Lily Atwood lives in what used to be called Washington, D.C. Her father is one of the most powerful men in the world, having been a vital part of rebuilding and reuniting humanity after the war that killed over five billion people. Now he’s running to be one of its leaders.
But in the rediscovered peace on Earth, a new enemy has risen. They call themselves the Revealed – a powerful underground organization that has been kidnapping 18 year olds across the globe without reservation. No one knows why they are kidnapping these teens, but it’s clear something is different about these people. They can set fires with a snap of their fingers and create a wind strong enough to barrel over a tree with a flick of their wrist. No one has been able to stop them, and they have targeted Lily as their next victim.
But Lily has waited too long to break free from her father’s shadow to let some rebel organization just ruin everything. Not without a fight.
As I prepared for the release of Mockingjay, I was hungry for a little dystopia in my life and this book fulfilled it!
I think that there’s a lot of pressure to be the next Hunger Games or Divergent. And those are very big shoes to fill. There are several things I think that Hickam did well with this book (and beginning of series). She set the stage for us as to where we are, which I think is extremely important. If we are in a dystopian society, I want to know where I am in proximity to where this is all taking place. In Hunger Games, I know that I am near District 12. That makes the story more real for me because I can relate to these people. As in any book, if it takes place in a location I am familiar with, I am more likely to gravitate toward it. I like being able to close my eyes and place myself there. Hickam set the center of this story in Washington DC. Even for those who haven’t been there, we know the location, we know the history, we know the importance of setting a dystopian political story in the nation’s capital.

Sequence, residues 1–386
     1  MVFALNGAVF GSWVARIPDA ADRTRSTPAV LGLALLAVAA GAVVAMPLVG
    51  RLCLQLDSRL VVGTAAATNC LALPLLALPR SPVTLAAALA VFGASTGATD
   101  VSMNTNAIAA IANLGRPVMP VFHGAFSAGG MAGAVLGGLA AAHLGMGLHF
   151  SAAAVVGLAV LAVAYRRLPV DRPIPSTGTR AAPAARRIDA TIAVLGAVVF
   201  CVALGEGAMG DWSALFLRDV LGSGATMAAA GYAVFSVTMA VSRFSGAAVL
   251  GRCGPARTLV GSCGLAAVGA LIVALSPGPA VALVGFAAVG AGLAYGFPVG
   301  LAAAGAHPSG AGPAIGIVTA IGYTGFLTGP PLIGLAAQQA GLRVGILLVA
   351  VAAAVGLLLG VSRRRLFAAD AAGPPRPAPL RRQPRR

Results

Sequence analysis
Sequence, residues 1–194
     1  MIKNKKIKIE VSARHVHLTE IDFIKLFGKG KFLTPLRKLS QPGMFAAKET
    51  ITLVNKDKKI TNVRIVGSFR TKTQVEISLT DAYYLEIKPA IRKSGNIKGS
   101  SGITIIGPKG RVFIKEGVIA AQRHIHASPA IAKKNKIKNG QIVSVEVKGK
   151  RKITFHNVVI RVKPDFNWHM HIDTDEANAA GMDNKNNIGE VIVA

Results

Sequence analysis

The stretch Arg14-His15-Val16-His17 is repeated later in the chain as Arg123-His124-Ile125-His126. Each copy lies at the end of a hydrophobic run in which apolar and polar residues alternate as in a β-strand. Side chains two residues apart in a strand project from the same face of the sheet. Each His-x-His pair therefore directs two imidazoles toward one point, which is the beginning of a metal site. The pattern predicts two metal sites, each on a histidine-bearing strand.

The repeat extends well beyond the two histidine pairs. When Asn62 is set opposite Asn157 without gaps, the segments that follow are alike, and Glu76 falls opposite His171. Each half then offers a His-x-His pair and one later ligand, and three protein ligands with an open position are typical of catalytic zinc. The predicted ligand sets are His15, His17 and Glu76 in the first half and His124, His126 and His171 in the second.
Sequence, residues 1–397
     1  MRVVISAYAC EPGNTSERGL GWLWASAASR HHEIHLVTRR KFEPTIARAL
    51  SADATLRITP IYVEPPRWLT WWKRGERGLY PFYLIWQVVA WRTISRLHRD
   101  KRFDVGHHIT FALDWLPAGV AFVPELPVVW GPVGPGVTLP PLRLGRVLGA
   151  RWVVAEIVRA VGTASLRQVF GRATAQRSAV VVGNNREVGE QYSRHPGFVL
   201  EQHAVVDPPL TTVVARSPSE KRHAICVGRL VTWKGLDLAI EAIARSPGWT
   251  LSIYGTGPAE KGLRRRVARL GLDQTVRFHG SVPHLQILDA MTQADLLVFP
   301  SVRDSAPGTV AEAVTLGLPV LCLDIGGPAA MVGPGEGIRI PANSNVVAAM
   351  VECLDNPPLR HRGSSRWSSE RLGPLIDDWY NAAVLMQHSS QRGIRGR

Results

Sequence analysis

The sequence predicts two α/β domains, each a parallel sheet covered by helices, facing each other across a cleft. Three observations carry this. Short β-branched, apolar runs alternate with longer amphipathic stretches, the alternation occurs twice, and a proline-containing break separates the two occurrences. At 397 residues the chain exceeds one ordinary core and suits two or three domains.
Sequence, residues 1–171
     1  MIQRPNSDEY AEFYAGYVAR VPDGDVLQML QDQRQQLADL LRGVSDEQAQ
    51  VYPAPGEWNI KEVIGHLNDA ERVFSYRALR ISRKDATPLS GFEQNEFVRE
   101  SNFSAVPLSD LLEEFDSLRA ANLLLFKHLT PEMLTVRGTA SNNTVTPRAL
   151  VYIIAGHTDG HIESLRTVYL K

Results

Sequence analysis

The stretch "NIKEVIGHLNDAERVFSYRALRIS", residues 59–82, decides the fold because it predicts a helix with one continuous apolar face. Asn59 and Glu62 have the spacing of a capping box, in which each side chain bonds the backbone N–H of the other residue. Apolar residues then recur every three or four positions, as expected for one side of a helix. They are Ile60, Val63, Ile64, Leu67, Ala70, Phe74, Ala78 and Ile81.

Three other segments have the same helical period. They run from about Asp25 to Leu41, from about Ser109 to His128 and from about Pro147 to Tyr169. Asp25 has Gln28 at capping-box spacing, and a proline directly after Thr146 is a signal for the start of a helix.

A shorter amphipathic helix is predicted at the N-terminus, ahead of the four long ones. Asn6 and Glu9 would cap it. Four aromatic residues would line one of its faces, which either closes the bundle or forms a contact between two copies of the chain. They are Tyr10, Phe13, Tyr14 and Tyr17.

I also think Hickam did a good job with the characters. I loved the strength of Lily. But at the same time, when things get super rocky, I love that she is real. She is a teenager. She is emotional. She is vulnerable. She is a bit reckless and certainly puts herself in more danger than necessary. But what teenager wouldn’t in that situation? They are few and far between. When it comes to Kai, shooo, he’s a tough one. You want to like him. He’s smooth and sauve and likable in a bad boy sense. But there are so many questions – Is he trustworthy? Is he the same boy that Lily remembers?
The one thing I’m hung up on on this book is what Hickam tried to do differently. It’s not magic, but it’s not necessarily realistic. I appreciate her working hard to put in a game changer and make her story different from others. It’s not exactly up my alley. However with that said, I am intrigued by it and interested to see where she takes it from here. I know I’m being vague…but I don’t want to give anything away.
The book was a gripping, adventurous, quick read. I will definitely keep my eyes out for the other books in this series.
I give The Revealed 4 out of 5 bookmarks.